Mackerras KaleidoscopeSir Charles Mackerras: Kaleidoscope – An Orchestral Extravaganza (Eloquence)

The sheer volume of high quality reissues available at budget price can make one question whether it’s worth anyone recording new versions of familiar repertoire at all. Sir Charles Mackerras’s range encompassed the core classics, as well as the Dvořák and Janáček he later became associated with. Has any late 20th century conductor recorded so much, so well? Orchestral players liked Mackerras, as did record labels needing, as Peter Quantrill’s entertaining notes put it, “efficiently produced records of popular orchestral repertoire.” Much of the music on this double album originally appeared on a 1961 Philips LP called Kaleidoscope, engineered by Mercury Living Presence’s Wilma Cozart and C. Robert Fine. The recorded sound is predictably vivid, and describing the performances as “efficient” is to do them a massive disservice. Compilations of popular classics don’t come much better than this.

Mackerras draws taut, lively playing from a rejuvenated London Symphony Orchestra. The strings are excellent, wonderfully agile in Tchaikovsky’s “Cossack Dance” and the “Dance of the Comedians” from Smetana’s The Bartered Bride. The overture to Ambroise Thomas’s Mignon swoons. It’s a blast. Other rarities include Glinka’s Capriccio brilliante, and a percussive march by Meyerbeer. Several bonus items are played by the “London Proms Symphony Orchestra” (probably a pseudonymous LSO). Gottfried Huppertz’s orchestration of Grieg’s “Wedding Day at Troldhaugen” is a delight, and there’s a brassy take on Sibelius’s Finlandia. All unmissable.

Third Coast ArchetypesThird Coast Percussion: Archetypes (Cedille Records)

Archetypes is an engaging act of musical collaboration, four each of its twelve sections written by Brazilian guitarist Sérgio Assad and his daughter Clarice, the remaining numbers composed by the four members of Chicago’s Third Coast Percussion. The aims are lofty, the archetypes selected to reflect the commonality of human experience and culture at a time when the world feels more fractured than ever. Though it’s very easy to enjoy this disc as a sequence of neatly sketched character pieces, the group’s sound enhanced by piano, guitar and Clarice’s vocals. The opener, Clarice’s “Rebel”, kicks off with a flurry of attitudinal drum rolls and cymbal crashes, and Sergio’s “Innocent” is a lovely portrait of wide-eyed innocence.

The sonorities throughout are so crisp, so clear; I’m fascinated by the guitar triplets and marimba semiquavers overlaid at the start of David Skidmore’s “Lover”, and the calm solemnity of “Ruler”, written by Peter Martin. The playing is so tight, so precise. Clarice’s “Jester” is three minutes of compelling musical silliness, featuring Jew’s harp, swanee whistle and motor horn. It’s all consistently enjoyable, and wonderfully recorded. Do watch the short album introduction on YouTube, which contains entertaining footage of the musicians at work and a fulsome tribute from Sergio.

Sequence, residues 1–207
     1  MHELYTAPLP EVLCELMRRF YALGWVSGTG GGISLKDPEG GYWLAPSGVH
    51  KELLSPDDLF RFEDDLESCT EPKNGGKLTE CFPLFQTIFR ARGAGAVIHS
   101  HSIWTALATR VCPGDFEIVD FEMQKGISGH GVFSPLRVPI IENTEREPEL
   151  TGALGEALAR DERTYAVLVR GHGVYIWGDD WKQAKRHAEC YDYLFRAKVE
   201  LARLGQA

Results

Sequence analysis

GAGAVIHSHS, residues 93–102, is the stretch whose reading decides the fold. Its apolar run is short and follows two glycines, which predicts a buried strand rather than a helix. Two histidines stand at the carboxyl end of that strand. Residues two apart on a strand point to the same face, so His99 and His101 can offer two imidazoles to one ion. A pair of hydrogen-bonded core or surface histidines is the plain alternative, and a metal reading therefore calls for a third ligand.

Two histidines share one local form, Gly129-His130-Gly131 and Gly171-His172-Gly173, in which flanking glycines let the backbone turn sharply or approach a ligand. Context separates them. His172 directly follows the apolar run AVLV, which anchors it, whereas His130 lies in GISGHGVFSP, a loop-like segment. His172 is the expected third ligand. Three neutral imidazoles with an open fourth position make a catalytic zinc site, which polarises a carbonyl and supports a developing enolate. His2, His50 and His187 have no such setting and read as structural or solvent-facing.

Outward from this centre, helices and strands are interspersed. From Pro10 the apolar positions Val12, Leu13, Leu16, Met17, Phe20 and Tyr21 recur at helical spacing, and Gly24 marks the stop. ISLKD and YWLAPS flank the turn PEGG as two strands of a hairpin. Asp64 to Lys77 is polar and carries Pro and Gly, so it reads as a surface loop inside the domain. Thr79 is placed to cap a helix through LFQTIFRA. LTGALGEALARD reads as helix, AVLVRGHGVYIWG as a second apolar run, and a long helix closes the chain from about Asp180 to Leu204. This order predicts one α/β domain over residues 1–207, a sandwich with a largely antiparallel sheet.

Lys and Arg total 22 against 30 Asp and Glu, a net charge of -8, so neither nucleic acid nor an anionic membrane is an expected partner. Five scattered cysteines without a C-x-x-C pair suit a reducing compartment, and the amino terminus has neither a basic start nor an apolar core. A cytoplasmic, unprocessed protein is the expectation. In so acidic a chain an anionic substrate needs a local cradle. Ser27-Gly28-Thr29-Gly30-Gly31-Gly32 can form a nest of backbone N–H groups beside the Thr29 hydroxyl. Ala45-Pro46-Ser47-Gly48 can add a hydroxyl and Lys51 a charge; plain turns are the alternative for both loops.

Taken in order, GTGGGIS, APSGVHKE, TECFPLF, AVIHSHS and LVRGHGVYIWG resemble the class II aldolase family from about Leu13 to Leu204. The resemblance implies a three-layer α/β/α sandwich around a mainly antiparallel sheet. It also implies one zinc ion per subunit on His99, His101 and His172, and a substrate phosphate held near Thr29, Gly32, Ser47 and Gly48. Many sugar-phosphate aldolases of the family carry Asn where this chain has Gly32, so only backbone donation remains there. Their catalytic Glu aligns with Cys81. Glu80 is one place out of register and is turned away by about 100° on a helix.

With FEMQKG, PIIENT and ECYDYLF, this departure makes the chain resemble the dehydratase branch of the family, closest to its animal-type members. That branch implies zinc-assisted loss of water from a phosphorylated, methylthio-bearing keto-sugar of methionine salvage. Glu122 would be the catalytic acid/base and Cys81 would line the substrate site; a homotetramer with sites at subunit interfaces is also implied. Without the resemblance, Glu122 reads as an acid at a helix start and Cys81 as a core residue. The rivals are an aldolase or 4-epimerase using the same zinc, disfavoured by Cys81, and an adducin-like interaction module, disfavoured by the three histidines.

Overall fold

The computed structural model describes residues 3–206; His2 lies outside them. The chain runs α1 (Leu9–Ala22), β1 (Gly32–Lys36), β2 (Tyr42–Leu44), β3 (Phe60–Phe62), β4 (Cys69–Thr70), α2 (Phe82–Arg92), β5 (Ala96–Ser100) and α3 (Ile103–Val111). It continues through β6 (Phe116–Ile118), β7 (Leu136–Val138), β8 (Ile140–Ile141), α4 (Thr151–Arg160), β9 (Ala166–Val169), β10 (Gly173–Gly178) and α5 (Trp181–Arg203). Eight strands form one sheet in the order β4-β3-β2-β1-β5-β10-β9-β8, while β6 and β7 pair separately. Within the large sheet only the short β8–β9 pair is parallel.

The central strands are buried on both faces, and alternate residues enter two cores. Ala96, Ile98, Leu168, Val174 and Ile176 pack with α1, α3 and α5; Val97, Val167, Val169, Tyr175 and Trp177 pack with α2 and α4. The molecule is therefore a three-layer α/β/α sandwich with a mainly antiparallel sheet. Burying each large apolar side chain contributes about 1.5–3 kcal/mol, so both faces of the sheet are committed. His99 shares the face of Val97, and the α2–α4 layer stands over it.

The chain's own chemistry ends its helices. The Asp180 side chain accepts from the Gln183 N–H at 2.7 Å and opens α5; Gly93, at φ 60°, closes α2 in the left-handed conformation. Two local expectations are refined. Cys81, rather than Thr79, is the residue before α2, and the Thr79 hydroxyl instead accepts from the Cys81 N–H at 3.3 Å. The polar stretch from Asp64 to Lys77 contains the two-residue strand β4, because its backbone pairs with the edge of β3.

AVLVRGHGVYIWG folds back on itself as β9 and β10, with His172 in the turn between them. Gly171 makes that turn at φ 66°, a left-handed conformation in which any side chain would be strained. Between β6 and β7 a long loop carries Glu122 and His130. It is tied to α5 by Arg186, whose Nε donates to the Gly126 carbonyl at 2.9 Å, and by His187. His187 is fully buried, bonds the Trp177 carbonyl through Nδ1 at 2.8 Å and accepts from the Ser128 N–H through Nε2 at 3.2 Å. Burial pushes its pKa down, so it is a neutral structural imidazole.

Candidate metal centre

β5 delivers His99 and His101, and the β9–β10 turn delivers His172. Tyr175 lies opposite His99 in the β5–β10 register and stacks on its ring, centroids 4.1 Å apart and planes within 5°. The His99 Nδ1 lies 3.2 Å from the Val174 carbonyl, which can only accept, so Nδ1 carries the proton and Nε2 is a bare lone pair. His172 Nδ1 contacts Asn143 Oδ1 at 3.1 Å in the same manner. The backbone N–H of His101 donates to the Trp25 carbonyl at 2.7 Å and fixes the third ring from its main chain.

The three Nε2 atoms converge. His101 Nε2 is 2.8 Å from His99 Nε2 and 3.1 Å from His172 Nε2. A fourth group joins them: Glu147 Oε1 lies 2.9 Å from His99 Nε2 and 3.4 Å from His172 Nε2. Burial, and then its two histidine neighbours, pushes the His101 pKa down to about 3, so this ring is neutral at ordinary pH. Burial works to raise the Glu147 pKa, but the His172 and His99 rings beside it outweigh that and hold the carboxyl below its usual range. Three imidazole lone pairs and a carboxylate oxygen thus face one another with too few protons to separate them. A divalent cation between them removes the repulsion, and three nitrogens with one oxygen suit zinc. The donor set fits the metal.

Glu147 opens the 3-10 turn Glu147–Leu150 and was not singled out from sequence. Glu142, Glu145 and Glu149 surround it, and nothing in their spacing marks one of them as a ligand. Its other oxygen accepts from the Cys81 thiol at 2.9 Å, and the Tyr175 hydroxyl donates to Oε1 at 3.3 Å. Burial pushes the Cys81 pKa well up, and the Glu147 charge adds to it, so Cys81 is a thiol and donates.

Alexandra Whittingham guitarAlexandra Whittingham: My European Journey (Delphian)

At a time when trips to the tip or DIY superstore might be the only voyages in prospect, a musical journey around Europe is an enticing thought. Guitarist Alexandra Whittingham’s debut disc is a well-planned treat, an exploration of 19th century guitar music which avoids obvious destinations and aims “to get to parts of the repertory which comparable albums don’t reach”. Better-known pieces nestle alongside enticing discoveries. The big works here are superbly played; Luigi Legnani’s Fantasia briliante e facile begins with an austere Bachian prelude and segues into something much frothier. I love how Whittingham ratchets up the tension early on, her low E’s ringing out like bells, and the faster section offers joyous light relief. Giulio Regondi’s Introduction et Caprice follows a similar template and it’s similarly well played.

Two imposing pieces by Francesco Tárrega were inspired by trips to Granada in the 1890s, the Recuerdos de la Alhambra requiring Whittingham to use three fingers to pick out the tune and creating a remarkable tremolo effect. Rarities include a melancholy miniature by German-born guitarist Catharina Josepha Pratten, and a pair of witty descriptive pieces by one Ernest Shand, composer of Britain’s first guitar concerto. Shand’s The Gnomes sounds a little like "The Teddy Bears’ Picnic". Whittingham is magnificent throughout, tackling the simpler, lighter pieces with freshness and affection. Delphian’s engineering is up to scratch, the sound warm, close and rich.